- Determine your RPA maturity
- Ownership of RPA projects should lie within the business
- Co-creation will make your RPA sustainable
With clear governance, structural pipeline building through process analysis, and the right skillset & mindset, you will be able to scale up your RPA projects in a successful and sustainable way.Article by Stéphanie Struelens and Benjamin De Leeuw
Towards RPA-Scaleup: Measuring maturity
A company’s process maturity is of paramount importance to successfully implement RPA. The tailormade end-to-end RPA solutions that we implement are based on three important factors that determine a company’s RPA maturity.
The first stage is related to a company’s RPA awareness level. This can range from no experience at all to a history of failed or suspended RPA attempts, to robots being currently in use.
The next stage is an organization’s access to an RPA Center of Excellence, which is very useful because it gathers all knowledge and expertise on managing robots. Ideally, it is a multidisciplinary division and a single point of contact for robot maintenance and any robotization request. Also here, we find different maturity levels. A company’s RPA center of excellence can be non-existent; it can be external and then is typically referred to as a preferred RPA partner usually located in low-cost countries, or it can be an internal Center of Excellence. The latter is an ideal situation because it leverages RPA to its full extent thanks to the proximity of subject matter experts and their business awareness.
Another crucial point in developing RPA is the process maturity level at the company, ranging from functional or hierarchical operations with very limited synergies in between departments, to growing cross-silo thinking, to what we refer to as agile process-driven operations.
Many companies with RPA ambitions will work with a partner that has the knowhow to implement and develop the bots. Initially, satisfaction is high because the first proofs of concept are working properly and management notices their added value. The issues only arise once the partner has left the building: who will maintain and adapt the automations if our processes change? Who has the necessary knowledge to implement new bots? How will we ensure a continuous pipeline of new process cases to robotize?
During an Expert Session on RPA, a participant from a food company confirmed they were facing the problem of knowledge development. Having already made the investment and bought the licenses for RPA software, they had no clarity about who was responsible for developing the robot scripts for other processes they wanted to automate. Their business team did not have enough IT savviness to use the automatization tools to develop their own efficient internal bots. This limited the company in scaling up their process to an internal creation of RPA solutions using their own center of excellence.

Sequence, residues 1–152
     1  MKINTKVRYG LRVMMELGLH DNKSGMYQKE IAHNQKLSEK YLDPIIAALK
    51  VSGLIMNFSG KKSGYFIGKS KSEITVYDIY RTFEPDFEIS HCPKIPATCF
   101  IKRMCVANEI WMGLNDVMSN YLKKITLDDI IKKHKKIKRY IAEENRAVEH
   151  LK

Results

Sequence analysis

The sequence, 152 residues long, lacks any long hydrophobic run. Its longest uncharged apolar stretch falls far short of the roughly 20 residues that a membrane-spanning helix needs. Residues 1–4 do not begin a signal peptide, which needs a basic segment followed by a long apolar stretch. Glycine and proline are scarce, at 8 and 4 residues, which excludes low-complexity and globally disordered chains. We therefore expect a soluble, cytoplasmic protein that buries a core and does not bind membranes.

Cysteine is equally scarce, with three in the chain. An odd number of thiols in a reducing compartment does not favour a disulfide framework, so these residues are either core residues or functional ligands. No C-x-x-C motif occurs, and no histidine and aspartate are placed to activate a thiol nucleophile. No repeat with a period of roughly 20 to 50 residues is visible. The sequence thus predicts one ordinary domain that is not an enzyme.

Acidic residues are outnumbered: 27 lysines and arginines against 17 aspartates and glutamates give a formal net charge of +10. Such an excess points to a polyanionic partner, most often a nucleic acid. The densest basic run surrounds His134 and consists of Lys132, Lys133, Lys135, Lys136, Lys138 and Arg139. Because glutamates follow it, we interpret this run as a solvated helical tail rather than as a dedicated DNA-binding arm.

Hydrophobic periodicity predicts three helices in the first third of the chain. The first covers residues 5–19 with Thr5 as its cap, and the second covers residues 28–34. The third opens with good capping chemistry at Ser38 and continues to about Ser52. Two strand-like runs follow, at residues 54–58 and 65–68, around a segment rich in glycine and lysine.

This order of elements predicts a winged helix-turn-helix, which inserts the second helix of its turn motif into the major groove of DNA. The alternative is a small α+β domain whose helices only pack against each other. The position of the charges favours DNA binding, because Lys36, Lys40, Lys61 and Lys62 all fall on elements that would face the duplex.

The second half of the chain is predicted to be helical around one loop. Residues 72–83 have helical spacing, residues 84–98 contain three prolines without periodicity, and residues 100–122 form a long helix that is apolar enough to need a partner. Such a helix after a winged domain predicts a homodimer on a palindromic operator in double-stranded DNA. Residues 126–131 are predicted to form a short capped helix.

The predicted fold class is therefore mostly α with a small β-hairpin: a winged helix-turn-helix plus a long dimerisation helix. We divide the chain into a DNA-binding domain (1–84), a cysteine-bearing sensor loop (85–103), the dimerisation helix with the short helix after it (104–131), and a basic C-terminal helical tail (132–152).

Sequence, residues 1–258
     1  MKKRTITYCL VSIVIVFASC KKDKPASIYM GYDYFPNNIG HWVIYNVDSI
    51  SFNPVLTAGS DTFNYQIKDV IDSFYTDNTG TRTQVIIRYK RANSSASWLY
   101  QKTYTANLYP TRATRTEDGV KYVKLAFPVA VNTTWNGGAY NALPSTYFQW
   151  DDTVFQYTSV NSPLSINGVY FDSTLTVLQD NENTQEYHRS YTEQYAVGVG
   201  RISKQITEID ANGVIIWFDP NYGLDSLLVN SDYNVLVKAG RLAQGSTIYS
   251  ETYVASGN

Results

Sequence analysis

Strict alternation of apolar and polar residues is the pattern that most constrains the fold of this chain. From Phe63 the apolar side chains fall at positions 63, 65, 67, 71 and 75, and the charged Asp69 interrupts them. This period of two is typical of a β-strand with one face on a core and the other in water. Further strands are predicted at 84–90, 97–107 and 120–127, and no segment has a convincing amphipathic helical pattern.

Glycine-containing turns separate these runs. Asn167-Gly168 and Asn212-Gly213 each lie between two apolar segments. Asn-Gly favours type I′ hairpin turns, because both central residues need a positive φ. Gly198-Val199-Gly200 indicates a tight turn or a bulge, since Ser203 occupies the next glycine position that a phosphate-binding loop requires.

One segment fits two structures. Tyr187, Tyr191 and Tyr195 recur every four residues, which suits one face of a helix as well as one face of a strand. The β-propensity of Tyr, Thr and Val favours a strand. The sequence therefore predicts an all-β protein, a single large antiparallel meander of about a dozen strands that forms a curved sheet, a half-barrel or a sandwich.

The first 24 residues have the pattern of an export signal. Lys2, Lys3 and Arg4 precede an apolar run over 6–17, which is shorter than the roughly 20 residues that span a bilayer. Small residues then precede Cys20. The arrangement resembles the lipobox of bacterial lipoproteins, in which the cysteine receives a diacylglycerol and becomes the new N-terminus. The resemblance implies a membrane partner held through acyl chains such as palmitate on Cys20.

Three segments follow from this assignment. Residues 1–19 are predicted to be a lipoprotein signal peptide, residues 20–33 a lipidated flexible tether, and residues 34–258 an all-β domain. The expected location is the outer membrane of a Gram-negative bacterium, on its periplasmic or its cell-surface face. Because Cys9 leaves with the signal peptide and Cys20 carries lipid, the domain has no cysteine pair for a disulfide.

The main responsibility for automation, however, lies with the business.As they are often the process owners, they are also responsible for the outcomes of the bot and for its maintenance.They should take care of their bots’ continuity and identify changes that could affect them. The scripting of the bot on the other hand remains within the center of excellence and finance teams should not be involved on that matter.
You need specific people to initiate RPA projects. It is not your average accountant that will start developing the robot.
Manager Shared Service Center during RPA Expert Session
The two stages of robot development
There are two stages in robot development: a process stage and a technical stage. During the first stage, the process should be analyzed from an end-to-end perspective, so you can determine if a robot could be a solution to automate (parts of) it. This stage is what your business team should be able to take care of: designing the process, describing how the different process steps and involved stakeholders are linked, up to a point where you encounter technical interfaces.
The second stage is when you involve IT for more technical solutions such as the interfaces, the access rights, the call towards OCR technology, etc.
During our RPA expert session, the manager of a Finance Shared Service center in a multinational industrial company confirmed this view. The analysis and optimization of business processes in his company are all business matters, making RPA projects not IT projects. They get very limited IT support to implement RPA. IT only gets involved for technical aspects such as IT components, server maintenance or hosting the robot in the infrastructure. The participant emphasized, however, that you need specific people to initiate RPA projects nevertheless. It is not your average accountant that will start developing the robot. It all depends on the skill sets that are available in your organization and the technical affinity your business team has.
The TriFinance way: co-creation for sustainable RPA
TriFinance believes in co-creation from start to finish as opposed to some handover at the end of the project. Typically, RPA projects are rather short with only a limited timeframe for the handover. The handover should start immediately at the beginning of the project and not somewhere at the end.
Creating awareness across all levels of the organization, analyzing and challenging the processes together with the internal business teams, organizing demo sessions on a regular basis should all be included in co-creative projects. That way, all stakeholders are involved and an improvement mindset is created. For the transition to be successful, impacted business teams must be trained to acquire more analytical skills.
Only by combining clear governance, structural pipeline building through process analysis and the right skillset & mindset, you will be able to scale up your RPA projects in a successful and sustainable way.